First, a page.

CCNow also points to the public health crisis as a learning opportunity, describing the media's handling of it as "a useful model," considering that "guided by science, journalists have described the pandemic as an emergency, chronicled its devastating impacts, called out disinformation, and told audiences how to protect themselves (with masks, for example)."

"We need the same commitment to the climate story," the statement emphasizes.

CCNow executive director Mark Hertsgaard echoed that message Monday in The Nation, for which he serves as environment correspondent. He also addressed reservations that some reporters may have about supporting such a statement:

As journalists ourselves, we understand why some of our colleagues are cautious about initiatives like this Climate Emergency Statement, but we ask that they hear us out. Journalists rightly treasure our editorial independence, regarding it as essential to our credibility. To some of us, the term "climate emergency" may sound like advocacy or even activism—as if we're taking sides in a public dispute rather than simply reporting on it.

But the only side we're taking here is the side of science. As journalists, we must ground our coverage in facts. We must describe reality as accurately as we can, undeterred by how our reporting may appear to partisans of any stripe and unintimidated by efforts to deny science or otherwise spin facts.

According to Hertsgaard, "Signing the Climate Emergency Statement is a way for journalists and news outlets to alert their audiences that they will do justice to that story."

"But whether a given news outlet makes a public declaration by signing the statement," he added, "is less important than whether the outlet's coverage treats climate change like the emergency that scientists say it is."

Editor's Note: Common Dreams has signed on to the Climate Emergency Statement, which can be read in full below:

COVERING CLIMATE NOW STATEMENT ON THE CLIMATE EMERGENCY:

Journalism should reflect what the science says: the climate emergency is here.

It's time for journalism to recognize that the climate emergency is here.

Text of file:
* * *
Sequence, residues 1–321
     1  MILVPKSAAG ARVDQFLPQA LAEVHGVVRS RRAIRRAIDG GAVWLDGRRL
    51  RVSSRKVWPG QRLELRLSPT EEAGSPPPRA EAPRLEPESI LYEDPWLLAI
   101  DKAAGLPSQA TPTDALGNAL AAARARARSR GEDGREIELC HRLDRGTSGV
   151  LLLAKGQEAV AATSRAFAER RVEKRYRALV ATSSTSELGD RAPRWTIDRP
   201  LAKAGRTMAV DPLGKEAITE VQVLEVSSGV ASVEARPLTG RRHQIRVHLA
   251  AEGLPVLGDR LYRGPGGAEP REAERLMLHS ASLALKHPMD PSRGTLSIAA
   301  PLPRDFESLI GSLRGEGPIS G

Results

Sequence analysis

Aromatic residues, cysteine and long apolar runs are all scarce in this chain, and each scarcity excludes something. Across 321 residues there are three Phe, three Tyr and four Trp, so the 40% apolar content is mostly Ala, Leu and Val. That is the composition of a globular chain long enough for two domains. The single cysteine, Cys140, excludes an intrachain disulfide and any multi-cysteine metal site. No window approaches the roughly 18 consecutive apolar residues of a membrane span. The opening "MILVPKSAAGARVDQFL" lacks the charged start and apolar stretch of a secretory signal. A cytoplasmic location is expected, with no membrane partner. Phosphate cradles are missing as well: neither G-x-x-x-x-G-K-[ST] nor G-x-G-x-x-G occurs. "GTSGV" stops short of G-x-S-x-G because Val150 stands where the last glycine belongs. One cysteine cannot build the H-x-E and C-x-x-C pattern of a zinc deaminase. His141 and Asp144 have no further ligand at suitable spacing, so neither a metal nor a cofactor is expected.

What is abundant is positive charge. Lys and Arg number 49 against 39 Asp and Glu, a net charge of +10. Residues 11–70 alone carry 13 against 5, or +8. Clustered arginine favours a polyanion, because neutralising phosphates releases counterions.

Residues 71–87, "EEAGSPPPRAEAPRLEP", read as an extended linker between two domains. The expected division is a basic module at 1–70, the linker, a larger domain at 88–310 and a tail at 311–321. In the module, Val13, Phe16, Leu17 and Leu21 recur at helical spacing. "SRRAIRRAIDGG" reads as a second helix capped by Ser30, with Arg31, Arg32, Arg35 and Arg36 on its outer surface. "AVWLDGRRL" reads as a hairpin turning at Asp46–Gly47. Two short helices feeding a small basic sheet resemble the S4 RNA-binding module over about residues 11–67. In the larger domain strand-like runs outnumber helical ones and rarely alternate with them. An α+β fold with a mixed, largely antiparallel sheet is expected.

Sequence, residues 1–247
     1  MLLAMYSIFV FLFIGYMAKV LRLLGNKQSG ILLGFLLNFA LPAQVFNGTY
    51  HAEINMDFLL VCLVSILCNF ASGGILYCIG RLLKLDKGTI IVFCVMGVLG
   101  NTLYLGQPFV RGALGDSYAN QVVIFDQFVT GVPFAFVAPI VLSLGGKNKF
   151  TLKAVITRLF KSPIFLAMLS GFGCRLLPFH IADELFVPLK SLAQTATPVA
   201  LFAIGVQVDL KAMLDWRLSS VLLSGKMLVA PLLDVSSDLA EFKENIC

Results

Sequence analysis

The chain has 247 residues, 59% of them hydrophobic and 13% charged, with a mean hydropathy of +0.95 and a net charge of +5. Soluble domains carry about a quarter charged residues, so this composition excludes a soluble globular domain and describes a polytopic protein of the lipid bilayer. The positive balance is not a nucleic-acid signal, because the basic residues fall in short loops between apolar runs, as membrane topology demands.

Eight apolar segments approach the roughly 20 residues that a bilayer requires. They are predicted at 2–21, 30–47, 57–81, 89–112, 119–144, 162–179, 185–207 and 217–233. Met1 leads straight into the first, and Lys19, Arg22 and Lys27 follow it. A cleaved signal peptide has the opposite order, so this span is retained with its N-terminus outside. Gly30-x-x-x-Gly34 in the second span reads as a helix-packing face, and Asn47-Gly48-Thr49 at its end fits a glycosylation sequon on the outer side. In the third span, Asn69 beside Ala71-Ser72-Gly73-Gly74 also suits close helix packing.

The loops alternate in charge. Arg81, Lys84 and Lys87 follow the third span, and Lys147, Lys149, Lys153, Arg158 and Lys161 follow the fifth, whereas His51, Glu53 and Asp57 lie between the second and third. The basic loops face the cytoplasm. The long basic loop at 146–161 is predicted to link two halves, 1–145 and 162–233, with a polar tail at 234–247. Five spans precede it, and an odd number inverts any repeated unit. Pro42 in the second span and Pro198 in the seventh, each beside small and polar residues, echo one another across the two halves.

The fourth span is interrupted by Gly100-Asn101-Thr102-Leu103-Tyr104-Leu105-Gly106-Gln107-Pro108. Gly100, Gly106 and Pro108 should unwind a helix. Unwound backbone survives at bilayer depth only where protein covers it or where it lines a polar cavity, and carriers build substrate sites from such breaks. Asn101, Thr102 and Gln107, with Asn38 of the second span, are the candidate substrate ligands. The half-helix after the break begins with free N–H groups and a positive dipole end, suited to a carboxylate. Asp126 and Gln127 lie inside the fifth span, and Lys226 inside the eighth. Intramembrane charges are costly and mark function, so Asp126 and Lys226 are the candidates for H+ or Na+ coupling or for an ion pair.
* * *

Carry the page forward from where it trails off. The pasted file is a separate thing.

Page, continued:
This is a statement of science, not politics.

Thousands of scientists—including James Hansen, the NASA scientist who put the problem on the public agenda in 1988, and David King and Hans Schellnhuber, former science advisers to the British and German governments, respectively—have said humanity faces a "climate emergency."

Why "emergency"? Because words matter. To preserve a livable planet, humanity must take action immediately. Failure to slash the amount of carbon dioxide in the atmosphere will make the extraordinary heat, storms, wildfires, and ice melt of 2020 routine and could "render a significant portion of the Earth uninhabitable," warned a recent Scientific American article.

The media's response to Covid-19 provides a useful model. Guided by science, journalists have described the pandemic as an emergency, chronicled its devastating impacts, called out disinformation, and told audiences how to protect themselves (with masks, for example).

We need the same commitment to the climate story.

We, the undersigned, invite journalists and news organizations everywhere to add your name to this Covering Climate Now statement on the climate emergency.

Signed,

  • Covering Climate Now
  • Scientific American
  • Columbia Journalism Review
  • The Nation
  • The Guardian
  • Noticias Telemundo
  • Al Jazeera English
  • Asahi Shimbun
  • La Repubblica